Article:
Romance Scams Have Become the Most Common Form of Any Online Financial Scam

Hide Featured Image

DENVER, CO – October 5, 2022  - The Colorado Division of Securities is alerting the public to a scam that is taking place across the country. This year alone, since September 2021, there have been over 1,800 complaints of online romance scams to the FBI Internet Crime Complaint Center (IC3), with losses of over $133.4 million.

In a turbulent and emotionally disconnected world, many people are lonely and looking for someone to share a connection with. While social media has made it easier to connect, it has also made it easier to deceive.

Modern day romance scammers do extensive research of the social media profiles of potential victims and then they reach out under false profiles crafted to attract the targeted victim. The romance scammers pretend to be the perfect partner, gaining trust and building a one-sided romance through calls, emails, and chats.

Eventually the scammers will ask for something. They usually create a compelling story about fees from a foreign country or hardships that they are experiencing. In the end, they’ll have you send them money for something like an investment, fees, or a short-term loan. They may also try to get you to disclose personal information like social security numbers or bank accounts. Once they’ve gotten what they need, they disappear and leave victims heartbroken, betrayed, and defrauded.

The Division would like to help Coloradans protect their money and their heart from these scams.

Here are some red flags that can help you spot a romance scam:

  • Reluctance by your partner to meet in-person or by video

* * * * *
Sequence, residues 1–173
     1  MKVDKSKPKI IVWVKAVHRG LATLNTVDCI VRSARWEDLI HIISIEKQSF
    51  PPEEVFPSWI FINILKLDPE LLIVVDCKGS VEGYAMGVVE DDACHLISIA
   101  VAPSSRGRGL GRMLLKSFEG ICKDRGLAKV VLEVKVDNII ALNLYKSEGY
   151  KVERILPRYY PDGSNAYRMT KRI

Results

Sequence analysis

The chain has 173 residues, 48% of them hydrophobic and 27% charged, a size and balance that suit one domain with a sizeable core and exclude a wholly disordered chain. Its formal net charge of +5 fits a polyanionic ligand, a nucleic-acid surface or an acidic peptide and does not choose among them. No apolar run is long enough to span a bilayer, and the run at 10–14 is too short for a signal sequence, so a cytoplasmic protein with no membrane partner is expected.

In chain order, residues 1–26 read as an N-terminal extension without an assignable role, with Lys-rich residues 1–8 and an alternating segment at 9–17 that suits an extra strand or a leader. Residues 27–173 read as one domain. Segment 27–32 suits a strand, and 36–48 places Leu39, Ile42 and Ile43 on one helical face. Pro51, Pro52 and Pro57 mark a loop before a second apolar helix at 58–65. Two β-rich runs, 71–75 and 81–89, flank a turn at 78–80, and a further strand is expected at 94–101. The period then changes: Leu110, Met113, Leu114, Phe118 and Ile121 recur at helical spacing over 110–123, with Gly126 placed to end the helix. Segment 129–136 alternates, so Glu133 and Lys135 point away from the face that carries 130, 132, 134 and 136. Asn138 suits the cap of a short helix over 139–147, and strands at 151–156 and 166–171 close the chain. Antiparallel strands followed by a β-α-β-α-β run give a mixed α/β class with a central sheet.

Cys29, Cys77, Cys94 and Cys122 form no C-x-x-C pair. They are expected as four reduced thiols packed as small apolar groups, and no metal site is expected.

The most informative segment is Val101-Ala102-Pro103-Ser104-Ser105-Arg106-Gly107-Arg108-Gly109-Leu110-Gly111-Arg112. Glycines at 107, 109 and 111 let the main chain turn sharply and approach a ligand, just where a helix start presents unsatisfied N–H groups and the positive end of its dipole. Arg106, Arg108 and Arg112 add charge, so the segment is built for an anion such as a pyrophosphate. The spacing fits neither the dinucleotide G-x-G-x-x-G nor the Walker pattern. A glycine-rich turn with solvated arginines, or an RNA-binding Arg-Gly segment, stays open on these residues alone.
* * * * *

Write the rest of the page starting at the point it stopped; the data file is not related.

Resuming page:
• A backstory for why it must be a long-distance relationship
  • An obstacle that is keeping the two of you apart and which can be removed if only…
  • A sad, elaborate story where money is needed to help
  • Discussing wealth or business success
  • Pressure to send money or disclose personal information
  • Introducing an app or website that requires personal information or through which money is sent

Here are steps you can take to protect yourself:

  • Keep your social media presence limited to people you know. When people have public social media profiles with detailed personal information, they leave themselves open to scammers who can use the information to run a con.
  • Don’t send money and don’t disclose personal information to people you meet online.
  • Collect information, keep screen shots and communications from people you meet online especially if it looks like money or personal information will be involved. If they are a scammer, you will have information to provide to the authorities.
  • If you suspect anything, disengage immediately. Block them and delete them.

If you or someone you know have invested with an online romantic partner and you have been scammed, you can report them to the Colorado Division of Securities at or to the FBI Internet Crime Complaint Center (IC3) at